The other side of the engram: experience-driven changes in neuronal intrinsic excitability View Full Text


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Article Info

DATE

2003-11

AUTHORS

Wei Zhang, David J. Linden

ABSTRACT

Key PointsIn addition to synaptic plasticity, which confers neurons with the ability to modify the strength of individual synapses, nerve cells also possess forms of intrinsic plasticity (changes in intrinsic excitability), which affect largest ensembles of synapses and might affect the whole cell. This form of plasticity might endow neurons with an additional capacity to store information.Different learning tasks induce changes in intrinsic excitability in several vertebrate and invertebrate species. In many cases, these changes manifest as reductions in spike threshold, spike accommodation and amplitude of burst-evoked afterhyperpolarization, all of which point to the modulation of K+ channels as one potential underlying mechanism.Forms of experience-dependent plasticity other than learning also elicit intrinsic plasticity, which share similar mechanisms as learning-mediated plastic changes. These forms of experience include adaptive and maladaptive states, such as seizures.Studies in cell culture and brain slices have shown that it is possible to study intrinsic excitability in vitro. These studies have pointed to a series of K+, Ca2+ and Na+ conductances as possible molecular substrates of the plastic changes.The signal transduction cascades mediating the conductance changes that seem to be crucial for intrinsic plasticity remain unknown for most model systems. Ca2+/calmodulin-dependent protein kinase II and other kinases, the action of G-proteins, and the release of intracellular Ca2+ have been proposed, but the definitive experiments remain to be reported.Many changes remain to be answered in this nascent field. What is the relationship between intrinsic and synaptic plasticities, particularly in cases when both phenomena seem to co-exist? What is the duration of intrinsic plasticity? Does it really function to encode information? If so, what kind of memories could it store? These and many other issues should generate as much attention of intrinsic excitability changes as there has been on synaptic plasticity. More... »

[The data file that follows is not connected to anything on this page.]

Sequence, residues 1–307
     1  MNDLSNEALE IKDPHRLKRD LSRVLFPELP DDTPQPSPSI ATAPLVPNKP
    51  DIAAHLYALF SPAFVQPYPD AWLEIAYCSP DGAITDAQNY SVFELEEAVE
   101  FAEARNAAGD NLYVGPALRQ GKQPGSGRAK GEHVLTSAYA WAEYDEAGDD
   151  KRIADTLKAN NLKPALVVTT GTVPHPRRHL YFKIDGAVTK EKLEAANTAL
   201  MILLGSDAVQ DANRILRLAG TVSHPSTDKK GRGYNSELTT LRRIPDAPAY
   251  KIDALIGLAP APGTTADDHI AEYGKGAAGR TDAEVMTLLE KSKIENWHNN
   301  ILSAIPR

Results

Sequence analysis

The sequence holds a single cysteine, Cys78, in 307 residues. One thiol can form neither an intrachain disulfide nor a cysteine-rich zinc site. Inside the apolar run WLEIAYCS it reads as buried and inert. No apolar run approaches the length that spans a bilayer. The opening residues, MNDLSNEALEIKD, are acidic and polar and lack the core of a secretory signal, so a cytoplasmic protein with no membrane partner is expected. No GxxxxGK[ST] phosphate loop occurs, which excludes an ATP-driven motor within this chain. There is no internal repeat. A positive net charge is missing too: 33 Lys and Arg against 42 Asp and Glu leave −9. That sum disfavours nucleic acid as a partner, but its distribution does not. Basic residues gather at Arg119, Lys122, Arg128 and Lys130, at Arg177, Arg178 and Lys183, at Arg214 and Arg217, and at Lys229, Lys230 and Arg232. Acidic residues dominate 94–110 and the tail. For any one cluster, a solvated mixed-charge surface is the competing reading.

PAGES

885-900

References to SciGraph publications

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    DIMENSIONS

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    PUBMED

    https://www.ncbi.nlm.nih.gov/pubmed/14595400


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